[IMGCAP(1)]In 2015, by some accounts there were just over 100 CPA firm mergers and acquisitions—a large number of which were consummated by the 2015 Accounting Today Top 100 Firms.

In January 2016 alone, there already have been announcements of 22 mergers and acquisitions, including 13 of the 2015 Accounting Today Top 100 Firms as summarized below:

• BDO (#7) (Chicago) merges in Feeley & Driscoll (Boston)
• CBIZ (#9) (Cleveland) merges in Millimaki Eggert (San Diego)
• CliftonLarsonAllen (#10) (Minneapolis) merges in:
  o Four Point Partners (Edina)
  o Guthoff Mehall Allen (Bloomington)
  o Komisar Brady (Milwaukee)
  o Galanti (Dunwoody)
• Dixon Hughes Goodman (#17) (Charlotte) merges in Stegman (Baltimore)
• Friedman (#44) (New York) merges in Shectman Marks Devor (Philadelphia)
• O’Connor Davies (#30) (New York) merges in Flackman, Goodman & Potter (Ridgewood)
• Warren Averett (#27) (Birmingham) merges in Jinks + Moody (Panama City)
• Wipfli (#21) (Milwaukee) merges in Steinberg Advisors (Northbrook)
• WithumSmith+Brown (#32) (Princeton) merges in:
  o Averett Warmus Durkee (Orlando)
  o The Mironov Group (Edison)

If this pace continues, we can expect to see over 260 CPA firm mergers and acquisitions in 2016 with about 150 with Top 100 firms. That’s more than twice 2015!

Based on our personal interactions, more than one out of every two CPA firms of any significant size is either discussing a merger combination, acquisition or sale or is planning to do so in the near future.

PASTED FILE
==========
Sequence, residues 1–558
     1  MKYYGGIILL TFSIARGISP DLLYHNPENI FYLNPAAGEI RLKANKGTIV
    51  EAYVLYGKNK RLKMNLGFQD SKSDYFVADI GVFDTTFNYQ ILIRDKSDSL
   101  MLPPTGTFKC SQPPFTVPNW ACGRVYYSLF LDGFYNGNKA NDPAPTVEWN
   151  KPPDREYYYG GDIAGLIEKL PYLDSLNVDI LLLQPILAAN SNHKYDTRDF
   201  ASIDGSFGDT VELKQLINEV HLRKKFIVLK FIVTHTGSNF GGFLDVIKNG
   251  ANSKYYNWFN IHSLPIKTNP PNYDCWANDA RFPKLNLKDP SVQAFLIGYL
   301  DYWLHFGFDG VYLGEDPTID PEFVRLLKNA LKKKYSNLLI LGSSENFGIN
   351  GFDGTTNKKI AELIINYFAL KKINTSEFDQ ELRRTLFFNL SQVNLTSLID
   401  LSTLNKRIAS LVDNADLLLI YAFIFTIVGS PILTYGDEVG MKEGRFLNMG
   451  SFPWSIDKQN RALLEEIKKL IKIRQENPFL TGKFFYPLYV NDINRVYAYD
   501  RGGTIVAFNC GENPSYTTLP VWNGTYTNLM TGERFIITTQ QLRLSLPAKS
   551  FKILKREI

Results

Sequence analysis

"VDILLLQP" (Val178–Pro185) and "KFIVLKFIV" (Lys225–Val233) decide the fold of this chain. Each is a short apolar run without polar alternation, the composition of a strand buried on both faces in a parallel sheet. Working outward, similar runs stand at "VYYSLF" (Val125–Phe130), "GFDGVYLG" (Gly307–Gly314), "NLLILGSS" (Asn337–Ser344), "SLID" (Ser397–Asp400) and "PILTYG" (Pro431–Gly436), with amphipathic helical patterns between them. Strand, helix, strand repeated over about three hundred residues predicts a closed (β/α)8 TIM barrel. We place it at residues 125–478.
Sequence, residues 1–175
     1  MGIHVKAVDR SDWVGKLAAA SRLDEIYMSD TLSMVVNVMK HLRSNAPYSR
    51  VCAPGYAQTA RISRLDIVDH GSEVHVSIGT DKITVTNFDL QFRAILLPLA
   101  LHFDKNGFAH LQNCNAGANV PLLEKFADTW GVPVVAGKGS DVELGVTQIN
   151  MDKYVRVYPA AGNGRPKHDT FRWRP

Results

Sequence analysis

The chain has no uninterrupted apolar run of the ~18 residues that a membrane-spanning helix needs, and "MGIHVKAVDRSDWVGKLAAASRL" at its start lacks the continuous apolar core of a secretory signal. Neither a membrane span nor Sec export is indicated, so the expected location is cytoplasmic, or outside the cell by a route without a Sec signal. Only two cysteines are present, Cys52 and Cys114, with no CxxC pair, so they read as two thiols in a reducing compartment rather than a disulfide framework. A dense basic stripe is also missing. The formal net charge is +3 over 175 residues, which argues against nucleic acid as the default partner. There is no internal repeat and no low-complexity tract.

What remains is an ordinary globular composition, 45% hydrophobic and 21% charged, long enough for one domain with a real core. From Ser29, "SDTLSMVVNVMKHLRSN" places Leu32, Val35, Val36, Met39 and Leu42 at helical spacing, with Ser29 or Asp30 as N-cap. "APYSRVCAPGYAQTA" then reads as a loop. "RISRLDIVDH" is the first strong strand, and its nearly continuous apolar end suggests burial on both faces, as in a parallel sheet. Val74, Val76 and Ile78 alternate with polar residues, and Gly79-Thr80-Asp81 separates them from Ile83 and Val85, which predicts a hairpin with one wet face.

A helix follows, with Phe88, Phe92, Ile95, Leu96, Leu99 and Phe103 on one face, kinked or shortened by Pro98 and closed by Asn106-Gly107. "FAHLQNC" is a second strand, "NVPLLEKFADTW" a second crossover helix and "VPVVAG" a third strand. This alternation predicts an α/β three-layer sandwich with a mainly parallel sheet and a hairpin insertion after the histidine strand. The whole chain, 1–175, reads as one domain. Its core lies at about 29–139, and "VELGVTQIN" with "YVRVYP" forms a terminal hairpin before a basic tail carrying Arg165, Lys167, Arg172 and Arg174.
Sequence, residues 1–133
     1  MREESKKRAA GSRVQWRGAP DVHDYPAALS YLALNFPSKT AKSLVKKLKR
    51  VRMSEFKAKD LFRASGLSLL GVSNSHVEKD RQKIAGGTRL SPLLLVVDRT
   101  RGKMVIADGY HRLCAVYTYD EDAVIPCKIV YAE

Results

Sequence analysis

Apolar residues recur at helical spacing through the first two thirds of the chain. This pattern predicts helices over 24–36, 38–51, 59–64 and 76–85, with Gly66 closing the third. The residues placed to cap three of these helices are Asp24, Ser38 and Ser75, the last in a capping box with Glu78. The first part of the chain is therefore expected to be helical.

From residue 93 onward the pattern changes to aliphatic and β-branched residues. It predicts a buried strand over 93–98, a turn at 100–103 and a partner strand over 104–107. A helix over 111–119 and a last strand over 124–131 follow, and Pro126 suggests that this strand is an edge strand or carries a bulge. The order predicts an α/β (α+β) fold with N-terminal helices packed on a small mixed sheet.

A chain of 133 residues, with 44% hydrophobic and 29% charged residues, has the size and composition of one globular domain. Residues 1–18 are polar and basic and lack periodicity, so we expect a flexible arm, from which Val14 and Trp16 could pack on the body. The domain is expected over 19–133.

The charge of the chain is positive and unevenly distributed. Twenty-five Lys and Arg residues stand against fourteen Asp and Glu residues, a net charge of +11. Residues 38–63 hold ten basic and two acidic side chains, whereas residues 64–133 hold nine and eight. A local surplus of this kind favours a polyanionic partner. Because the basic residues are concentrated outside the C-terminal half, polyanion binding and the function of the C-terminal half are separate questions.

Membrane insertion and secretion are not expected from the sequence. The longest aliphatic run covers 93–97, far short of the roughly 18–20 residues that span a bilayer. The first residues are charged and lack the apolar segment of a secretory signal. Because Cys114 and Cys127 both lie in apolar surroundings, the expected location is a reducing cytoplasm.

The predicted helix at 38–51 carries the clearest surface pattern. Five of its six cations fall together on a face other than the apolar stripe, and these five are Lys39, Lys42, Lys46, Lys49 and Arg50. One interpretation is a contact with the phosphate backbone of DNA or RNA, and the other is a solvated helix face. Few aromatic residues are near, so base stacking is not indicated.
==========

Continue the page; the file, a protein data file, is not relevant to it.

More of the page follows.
Let’s take a hard look at why “merger fever” is at a frenzied pace and the Top 100 firms continue to get bigger, stronger and more profitable. Consider the following:

• The economy is not robust. Clients aren’t growing. They aren’t in need of CPA services beyond compliance services. Net profits per partner are not as healthy as they were in circa 2006-2007. Average collected rate per hour at many firms is down 10 to 15 percent because of the mix of services and predatory pricing. Makes for a difficult challenge when it comes to monetizing the value of the firm and paying out distributions of deferred compensation/retirement plans.

• Partner demographics are an inverse pyramid; top heavy with baby boomers and lean with “under 40” partners.

• Firms do not have enough rainmakers and business people.

• Partner level talent, particularly tax talent, is nearly impossible to find and marquee clients are demanding higher quality services.

So here is the question we ask you to ask yourself and your partners: Is it time for your firm to carefully evaluate an alternative path to a go it alone strategy? If your answer to this question is yes, in our opinion, take a hard look at an upward merger, particularly if you aspire to become a mid-market sustainable brand. Here is a brief overview of what you need to know.

To be clear, an acquisition is buying a client list from retiring partners. This happens when a small CPA firm has the capacity to handle more clients but has not been able to grow organically. Thus, acquiring a practice from retiring partners makes a lot of business sense. Acquisitions also occur if a CPA firm is seeking to add advisory or consulting skills and credentials. There are many boutique consulting firms that want to bolt onto a mid-market sustainable brand to accelerate their growth and monetize, at least in part, the asset they created by getting acquired.